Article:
National Zakat Foundation Blog
Home News Narcissistic Abuse: the victim

Narcissistic Abuse: the victim

Narcissistic Abuse

Domestic abuse. Narcissistic abuse. Realisations which were horrendously difficult for me to accept and yet I had to acknowledge in order to move forward. What was new is that I now realise that there is a name to this heinous act and that I have been abused by a narcissist and none of this is my fault.

I thought I’d started to heal. I thought I was half way there. I was making steadfast progress, but then you do as a believer. I mistook this progress as ‘on the road to recovery’.

Only recently a year and a half later An overwhelming surge of sadness overcame me as I curled up in a foetal position and cried. I felt my heart splitting into two. With jagged edges the grief stabbed at me mercilessly.

Looking back
Despite having three children back to back, I recall how I spent so many of my days feeling incredibly alone and confused about my situation. Tidal waves of negative emotion flushing through me, conflicting in my head; I questioned my sanity. I didn’t have any answers, yet I knew I felt a sense of utter doom. Daily arguments and weekend battles, kept me running in a circle, jumping from one distortion to another, never accomplishing anything other than adding more grief, more perplexities to an already baffled state of mind.

What I believed was love, was in reality psychological abuse that rendered me feeling worthless and disabled – psychological damage that was inflicted on me.

Doubting myself
I’d never doubted myself as much as I did during my marital years. As a victim of narcissistic abuse, I was frequently uncertain of myself, constantly seeking clarification that I hadn’t made a mistake or even misheard. This reaction was because the perpetrator always pointed the finger and shifted blame upon me for all the turmoil in the relationship. I was constantly forced to accept responsibility for things I didn’t do or say. This humiliation and shame was exactly what he intended. A crazy-making mind, already divided and conquered within itself, was his most vulnerable target. And an abusive technique called ‘Gaslighting’.

Gaslighting“…is a form of manipulation that seeks to sow seeds of doubt in a targeted individual or members of a group, hoping to make targets question their own memory, perception, and sanity.”

This psychological abuse was used to instil confusion and anxiety to the point where I no longer trusted my own memory, perception or judgment. At the beginning, I would notice that something would happen that was peculiar. When brought to his attention, the perpetrator would manipulate me by suggesting that I was ‘crazy’. Broken and unable to trust myself, I became dependent on his reality. The exhaustion I experienced during my marital years is beyond words. I was depleted and chronically feeling empty. I was desperate to find answers, answers which would help me to just understand what was going on. I was beginning to completely lose my mind and questioned my sanity almost every day. All of this was the result of direct trauma from narcissistic abuse. I recall asking out loud: How do I fix this? How do I move forward? Who do I turn to? I didn’t even know what was happening to reach out to the world.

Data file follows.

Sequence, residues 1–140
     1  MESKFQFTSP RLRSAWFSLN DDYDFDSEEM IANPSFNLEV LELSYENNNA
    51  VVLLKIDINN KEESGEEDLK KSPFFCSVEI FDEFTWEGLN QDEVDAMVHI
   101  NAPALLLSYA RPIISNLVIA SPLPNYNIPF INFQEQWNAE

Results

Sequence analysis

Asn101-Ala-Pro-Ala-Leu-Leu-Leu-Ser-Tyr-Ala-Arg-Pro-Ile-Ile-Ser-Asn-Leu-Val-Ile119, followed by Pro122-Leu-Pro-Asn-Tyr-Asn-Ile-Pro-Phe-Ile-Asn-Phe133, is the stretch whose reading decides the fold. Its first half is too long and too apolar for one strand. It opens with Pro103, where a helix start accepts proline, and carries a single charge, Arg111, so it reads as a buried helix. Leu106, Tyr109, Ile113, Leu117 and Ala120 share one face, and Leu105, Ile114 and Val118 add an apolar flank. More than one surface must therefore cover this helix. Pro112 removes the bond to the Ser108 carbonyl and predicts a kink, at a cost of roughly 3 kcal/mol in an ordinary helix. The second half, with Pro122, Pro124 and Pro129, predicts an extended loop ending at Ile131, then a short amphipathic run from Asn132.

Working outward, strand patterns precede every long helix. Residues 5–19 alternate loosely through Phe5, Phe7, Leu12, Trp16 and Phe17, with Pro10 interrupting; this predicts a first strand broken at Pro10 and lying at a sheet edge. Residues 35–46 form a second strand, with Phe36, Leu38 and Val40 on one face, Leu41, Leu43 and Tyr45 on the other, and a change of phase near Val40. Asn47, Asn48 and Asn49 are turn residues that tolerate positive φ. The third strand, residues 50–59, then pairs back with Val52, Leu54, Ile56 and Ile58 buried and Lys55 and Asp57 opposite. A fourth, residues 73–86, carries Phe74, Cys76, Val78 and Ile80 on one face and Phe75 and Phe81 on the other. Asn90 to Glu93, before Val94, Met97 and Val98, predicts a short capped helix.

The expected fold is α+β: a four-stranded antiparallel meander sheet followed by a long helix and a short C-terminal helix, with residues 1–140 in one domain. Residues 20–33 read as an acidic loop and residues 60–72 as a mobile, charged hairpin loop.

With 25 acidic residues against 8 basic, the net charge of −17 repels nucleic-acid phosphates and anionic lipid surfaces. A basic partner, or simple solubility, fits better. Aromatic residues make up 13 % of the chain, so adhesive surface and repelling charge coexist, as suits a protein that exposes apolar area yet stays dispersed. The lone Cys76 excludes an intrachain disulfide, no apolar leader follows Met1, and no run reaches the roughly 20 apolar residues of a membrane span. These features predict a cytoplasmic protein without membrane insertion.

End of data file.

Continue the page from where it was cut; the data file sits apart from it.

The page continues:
The night in which he beat me ‘street-style’ was the night he left the family home. With all of our official documents – passports to birth certificates to health cards and everything in between, the man I had married never returned. Little did I know was that his departure was my eventual ticket to freedom. It was a night where the shackles on my hands and on my feet were broken to release me. I didn’t come to realise this until much later, until I was officially divorced.

NZF is the first charity in the UK to set up dedicated housing projects for Muslim women in London, Birmingham and Manchester. Qualified support workers deliver emotional, spiritual and practical support to the residents who are eligible for Zakat and help them cope with any difficulties they are facing.

Part 2: The Perpetrator

The case study is a first hand account written by a Zakat recipient. The opinions expressed and those providing comments are theirs alone, and do not reflect the opinions of the National Zakat Foundation. 

One Comment

  • Thank you for sharing sister. It is never easy to open up and talk about painful past however it does show your extreme courage and connection with yourself. It is very helpful for those who have had gone through similar situation or still living with the abuser and unable to acknowledge abuse. These victims are not alone and must not isolate themselves or get consumed by the abuser because abuse slowly takes away all the energy and power to think straight.
    I can relate the emotional pain and damage expressed by you to my own dark time. We experience different situation but the trauma and pain from psychological, physical or any other form of abuse is very similar. We must trust our judgement and listen to our feelings.
    We are slaves of the creator Almighty Allah but we are not slaves of other human beings.
    Allah bless you all.

Leave a Reply

Your email address will not be published. Required fields are marked *

You may use these HTML tags and attributes: <a href="" title=""> <abbr title=""> <acronym title=""> <b> <blockquote cite=""> <cite> <code> <del datetime=""> <em> <i> <q cite=""> <strike> <strong>